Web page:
Excessive government is tyranny
Running government is a demanding job that has nothing in common with running a campaign.
If a candidate doesn’t have proven success running a major corporation, or a major government as governor, then he or she has no business being president. History demonstrates that the Oval Office is no place for on-the-job training.
A senator or congressman, with proven success working “both sides of the aisle,” might be okay as vice president to marshal legislative efforts, but since they are “a heartbeat away,” major management experience is still required.
“It’s the economy, stupid.” Fixing the economy is not complicated. Commerce is the only path to prosperity. The next administration must remove obstacles that government has put in the path of U.S. commerce in the form of specious taxes, mandates and regulations.
If a regulation adds cost without adding comparable value that the customer “joyfully pays for,” it hurts our ability to compete and will drive our jobs to wherever the work can be done without that cost. No global social goal is ever achieved by such restrictions; all that is accomplished is sending our jobs elsewhere.
Helping the poor does not mean making them forever dependent on government handouts. Getting the poor into jobs that develop their work skills is what will help them not just now, but in the future. Subsistence subsidies that approach median income levels are counter-productive because transitioning to comparable-income work demands abilities the inexperienced don’t have. Today, more people get government subsidies than work full-time: that’s unsustainable.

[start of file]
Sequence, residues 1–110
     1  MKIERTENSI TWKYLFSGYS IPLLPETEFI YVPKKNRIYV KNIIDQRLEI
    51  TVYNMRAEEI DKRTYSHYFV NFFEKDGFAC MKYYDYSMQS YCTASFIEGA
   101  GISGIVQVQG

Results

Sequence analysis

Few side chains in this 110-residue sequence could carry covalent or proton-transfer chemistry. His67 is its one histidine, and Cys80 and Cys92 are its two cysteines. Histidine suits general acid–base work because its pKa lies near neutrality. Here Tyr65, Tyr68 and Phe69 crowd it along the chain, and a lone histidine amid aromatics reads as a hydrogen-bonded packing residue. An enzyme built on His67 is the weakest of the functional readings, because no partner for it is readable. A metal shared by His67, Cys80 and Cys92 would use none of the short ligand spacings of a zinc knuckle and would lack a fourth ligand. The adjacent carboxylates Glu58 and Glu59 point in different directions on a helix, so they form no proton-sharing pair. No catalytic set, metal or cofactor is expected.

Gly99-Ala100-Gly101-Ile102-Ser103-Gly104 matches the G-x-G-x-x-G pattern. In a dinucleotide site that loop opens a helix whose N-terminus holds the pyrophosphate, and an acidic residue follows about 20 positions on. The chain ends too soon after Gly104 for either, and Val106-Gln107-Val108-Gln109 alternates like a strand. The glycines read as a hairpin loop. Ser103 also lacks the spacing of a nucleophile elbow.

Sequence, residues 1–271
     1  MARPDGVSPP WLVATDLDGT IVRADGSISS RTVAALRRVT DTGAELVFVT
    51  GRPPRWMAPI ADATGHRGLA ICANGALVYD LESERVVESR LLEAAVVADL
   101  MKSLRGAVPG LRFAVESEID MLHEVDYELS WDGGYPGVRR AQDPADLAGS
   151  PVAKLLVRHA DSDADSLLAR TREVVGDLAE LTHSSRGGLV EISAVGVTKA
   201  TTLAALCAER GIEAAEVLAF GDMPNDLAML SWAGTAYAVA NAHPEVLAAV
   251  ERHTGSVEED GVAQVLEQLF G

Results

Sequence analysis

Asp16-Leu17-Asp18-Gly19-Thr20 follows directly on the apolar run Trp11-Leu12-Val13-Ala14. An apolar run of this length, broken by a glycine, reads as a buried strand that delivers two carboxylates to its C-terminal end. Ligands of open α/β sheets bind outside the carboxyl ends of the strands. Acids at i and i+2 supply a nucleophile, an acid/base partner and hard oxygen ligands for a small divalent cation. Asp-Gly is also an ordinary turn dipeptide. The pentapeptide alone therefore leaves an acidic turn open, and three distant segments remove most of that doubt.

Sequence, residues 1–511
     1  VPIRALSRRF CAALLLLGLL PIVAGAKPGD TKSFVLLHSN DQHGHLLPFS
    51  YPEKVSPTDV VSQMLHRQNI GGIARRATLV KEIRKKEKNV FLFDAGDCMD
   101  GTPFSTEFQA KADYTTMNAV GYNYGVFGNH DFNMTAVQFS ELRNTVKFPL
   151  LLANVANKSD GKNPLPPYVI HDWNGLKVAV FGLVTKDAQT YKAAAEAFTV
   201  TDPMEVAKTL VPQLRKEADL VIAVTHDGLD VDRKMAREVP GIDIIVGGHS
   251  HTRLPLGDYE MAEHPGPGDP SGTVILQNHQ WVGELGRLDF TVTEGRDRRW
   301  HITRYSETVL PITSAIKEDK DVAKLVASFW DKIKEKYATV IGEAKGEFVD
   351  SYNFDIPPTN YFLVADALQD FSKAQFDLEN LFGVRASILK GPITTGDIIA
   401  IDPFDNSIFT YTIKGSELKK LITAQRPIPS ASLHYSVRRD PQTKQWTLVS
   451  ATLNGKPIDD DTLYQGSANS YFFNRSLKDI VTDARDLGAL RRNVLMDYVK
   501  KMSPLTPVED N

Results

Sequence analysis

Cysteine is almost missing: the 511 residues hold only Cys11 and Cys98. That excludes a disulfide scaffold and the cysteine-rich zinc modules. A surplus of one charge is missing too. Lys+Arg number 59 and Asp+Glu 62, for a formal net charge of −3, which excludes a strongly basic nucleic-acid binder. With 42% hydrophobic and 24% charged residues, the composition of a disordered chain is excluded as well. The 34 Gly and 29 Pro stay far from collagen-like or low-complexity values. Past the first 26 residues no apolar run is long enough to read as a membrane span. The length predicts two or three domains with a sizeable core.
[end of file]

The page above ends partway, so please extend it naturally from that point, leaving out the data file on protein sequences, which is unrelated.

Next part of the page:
Government jobs, once created, appear to be perpetual. Every budget should be zero-based, performance-measured, and every job deemed expendable unless demonstrated otherwise. Government jobs (they’re revenue-consuming) are not a satisfactory substitute for revenue-generating private sector jobs. Government should work for the people, not just for unions.
Excessive federal government is de facto tyranny, it destroys our ability to compete in commerce, and it burdens future generations with never-ending debt. Government has no constitutional authority to be in our schools, doctors’ offices, or workplaces.
Frank D. Banta